Christmas time is a time when people receive gifts. Well this year was no different and I received a few. One, however, was in a box stuffed with old newspaper pages. And it turns out one of said pages had a graphic on it. So let us spend today looking at this little blast from the past.
The piece looks at PECO outages, PECO being the Philadelphia region’s main electricity supplier. The article is full page and is both headed and footed with photography, the graphic in which we are interested sits centre stage in the middle of the page.
Overall the graphic is fairly compact and works well at showing the distribution of the outages, which the bar chart below the choropleth shows was historically significant. (Despite my years in Chicago, I was somehow in the area for all but the storm written about and can confirm that they were, in fact, disruptive.)
The choropleth works, but I question the colour scheme. The bins diverge at about 50%, which to my knowledge marks no special boundary other than “half”. If that yellow bin represented, say, the average number of outages per storm or the acceptable number of outages per storm, sure, I could buy it. Otherwise, this is really just degrees of severity along one particular axis. I would have either kept the bins all red or all blue and proceeded from a light of either to a dark of either.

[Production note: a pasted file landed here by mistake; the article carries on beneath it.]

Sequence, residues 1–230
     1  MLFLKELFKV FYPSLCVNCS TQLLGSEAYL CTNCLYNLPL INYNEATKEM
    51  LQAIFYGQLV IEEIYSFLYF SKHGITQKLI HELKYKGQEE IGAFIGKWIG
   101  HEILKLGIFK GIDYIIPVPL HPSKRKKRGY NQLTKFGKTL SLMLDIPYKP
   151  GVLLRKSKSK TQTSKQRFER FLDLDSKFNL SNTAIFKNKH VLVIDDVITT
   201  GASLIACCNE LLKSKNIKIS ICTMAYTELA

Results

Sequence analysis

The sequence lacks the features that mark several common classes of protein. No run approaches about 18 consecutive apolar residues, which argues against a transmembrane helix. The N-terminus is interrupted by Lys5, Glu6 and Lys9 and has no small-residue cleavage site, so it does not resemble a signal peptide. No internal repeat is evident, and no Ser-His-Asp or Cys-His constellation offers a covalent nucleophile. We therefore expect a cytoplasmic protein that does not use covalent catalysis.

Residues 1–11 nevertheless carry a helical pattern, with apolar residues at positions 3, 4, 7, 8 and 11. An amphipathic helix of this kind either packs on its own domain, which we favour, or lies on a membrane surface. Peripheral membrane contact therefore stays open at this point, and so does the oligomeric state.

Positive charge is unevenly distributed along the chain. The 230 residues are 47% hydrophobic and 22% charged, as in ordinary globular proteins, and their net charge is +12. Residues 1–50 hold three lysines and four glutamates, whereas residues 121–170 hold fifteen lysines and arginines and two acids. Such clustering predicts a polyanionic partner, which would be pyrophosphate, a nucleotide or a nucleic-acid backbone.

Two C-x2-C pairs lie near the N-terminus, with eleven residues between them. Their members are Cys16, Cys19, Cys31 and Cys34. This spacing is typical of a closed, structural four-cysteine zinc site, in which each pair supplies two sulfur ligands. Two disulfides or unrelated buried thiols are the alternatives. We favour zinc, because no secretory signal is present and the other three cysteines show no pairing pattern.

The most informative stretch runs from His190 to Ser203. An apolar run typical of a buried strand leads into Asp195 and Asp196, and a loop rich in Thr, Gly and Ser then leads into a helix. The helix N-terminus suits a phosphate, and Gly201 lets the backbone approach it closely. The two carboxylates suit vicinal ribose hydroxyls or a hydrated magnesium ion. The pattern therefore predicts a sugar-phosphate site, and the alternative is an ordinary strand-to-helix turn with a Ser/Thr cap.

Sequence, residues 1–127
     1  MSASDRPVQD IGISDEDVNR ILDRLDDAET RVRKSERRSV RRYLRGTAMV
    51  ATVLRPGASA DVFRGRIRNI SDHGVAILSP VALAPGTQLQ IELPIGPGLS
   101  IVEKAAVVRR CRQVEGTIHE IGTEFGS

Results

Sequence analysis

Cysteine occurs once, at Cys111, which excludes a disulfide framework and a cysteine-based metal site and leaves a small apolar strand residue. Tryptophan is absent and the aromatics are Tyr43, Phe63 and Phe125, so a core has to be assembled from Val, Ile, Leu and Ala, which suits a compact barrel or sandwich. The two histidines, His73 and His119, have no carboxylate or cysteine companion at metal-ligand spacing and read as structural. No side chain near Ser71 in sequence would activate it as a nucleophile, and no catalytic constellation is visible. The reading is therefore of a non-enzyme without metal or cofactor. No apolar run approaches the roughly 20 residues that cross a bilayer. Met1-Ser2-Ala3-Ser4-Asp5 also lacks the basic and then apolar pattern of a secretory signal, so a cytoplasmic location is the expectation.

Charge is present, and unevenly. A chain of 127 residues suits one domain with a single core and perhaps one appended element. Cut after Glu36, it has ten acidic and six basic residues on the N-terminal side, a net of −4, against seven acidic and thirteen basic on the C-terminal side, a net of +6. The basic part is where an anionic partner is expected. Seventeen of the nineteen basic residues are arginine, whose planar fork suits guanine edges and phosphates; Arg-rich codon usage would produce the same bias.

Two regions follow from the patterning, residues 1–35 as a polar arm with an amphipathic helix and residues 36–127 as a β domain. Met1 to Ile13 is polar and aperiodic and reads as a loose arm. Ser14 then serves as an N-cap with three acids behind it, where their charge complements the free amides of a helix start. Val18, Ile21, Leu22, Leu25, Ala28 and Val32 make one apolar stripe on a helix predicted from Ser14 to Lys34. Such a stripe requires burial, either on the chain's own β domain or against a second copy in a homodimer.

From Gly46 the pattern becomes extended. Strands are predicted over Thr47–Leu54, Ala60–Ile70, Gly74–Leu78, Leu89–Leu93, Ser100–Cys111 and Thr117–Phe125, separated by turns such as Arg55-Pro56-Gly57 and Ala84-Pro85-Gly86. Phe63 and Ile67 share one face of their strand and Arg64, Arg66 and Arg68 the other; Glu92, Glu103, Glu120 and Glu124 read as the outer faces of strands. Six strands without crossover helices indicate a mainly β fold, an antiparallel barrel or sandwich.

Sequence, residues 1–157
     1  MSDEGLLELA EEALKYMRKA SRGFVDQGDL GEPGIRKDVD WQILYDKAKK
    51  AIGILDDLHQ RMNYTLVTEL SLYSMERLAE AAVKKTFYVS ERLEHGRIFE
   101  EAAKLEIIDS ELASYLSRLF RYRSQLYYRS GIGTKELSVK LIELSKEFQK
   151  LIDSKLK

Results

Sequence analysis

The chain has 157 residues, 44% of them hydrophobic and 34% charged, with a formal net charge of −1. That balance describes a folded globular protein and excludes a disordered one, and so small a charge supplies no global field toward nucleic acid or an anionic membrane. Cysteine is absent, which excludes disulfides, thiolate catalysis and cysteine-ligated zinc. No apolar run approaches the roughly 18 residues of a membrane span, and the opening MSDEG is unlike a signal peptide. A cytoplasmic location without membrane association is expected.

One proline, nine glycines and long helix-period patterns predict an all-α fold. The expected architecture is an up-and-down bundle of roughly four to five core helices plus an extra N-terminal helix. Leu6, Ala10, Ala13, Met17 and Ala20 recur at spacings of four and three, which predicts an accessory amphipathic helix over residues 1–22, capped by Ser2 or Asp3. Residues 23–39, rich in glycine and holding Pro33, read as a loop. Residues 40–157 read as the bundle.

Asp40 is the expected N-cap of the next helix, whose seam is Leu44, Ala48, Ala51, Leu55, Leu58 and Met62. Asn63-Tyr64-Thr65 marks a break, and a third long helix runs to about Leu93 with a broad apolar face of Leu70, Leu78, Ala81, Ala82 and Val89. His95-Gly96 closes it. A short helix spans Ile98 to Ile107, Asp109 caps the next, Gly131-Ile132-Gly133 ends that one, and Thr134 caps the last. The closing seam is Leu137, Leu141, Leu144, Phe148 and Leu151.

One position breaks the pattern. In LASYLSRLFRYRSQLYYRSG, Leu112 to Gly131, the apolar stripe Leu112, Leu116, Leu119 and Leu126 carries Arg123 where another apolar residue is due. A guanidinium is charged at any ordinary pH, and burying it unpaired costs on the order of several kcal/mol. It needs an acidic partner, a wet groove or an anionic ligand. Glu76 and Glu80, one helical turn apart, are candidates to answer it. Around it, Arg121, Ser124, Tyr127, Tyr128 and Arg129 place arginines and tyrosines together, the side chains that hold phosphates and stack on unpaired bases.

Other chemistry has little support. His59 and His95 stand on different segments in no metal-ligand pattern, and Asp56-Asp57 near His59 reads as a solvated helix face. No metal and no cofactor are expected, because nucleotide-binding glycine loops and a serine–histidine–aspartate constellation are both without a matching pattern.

I probably would have also dropped Philadelphia entirely from the map, but I can understand how it may be important to geographically anchor readers in the most populous county to orientate themselves to a story about suburbia.
Lastly, I have one data question. With power lines down during an ice storm, I would be curious to see less of the important roadways as the map depicts and other variables. What about things like average temperature during the storm? Was the more urban and built-up Delaware County less susceptible because of an urban heat bubble preventing water from freezing? Or what about trees? Does the impact in the more rural areas have anything to do with increasing numbers of trees as one heads away from the city?
Those last data questions were definitely out of scope for the graphic, but I nevertheless remain curious. But then again, this piece is almost five years old. Just a look at how some graphical forms remain in use because of their solid ability to communicate data. Long live the bar chart. Long live the choropleth.
Credit for the piece goes to the Philadelphia Inquirer graphics department.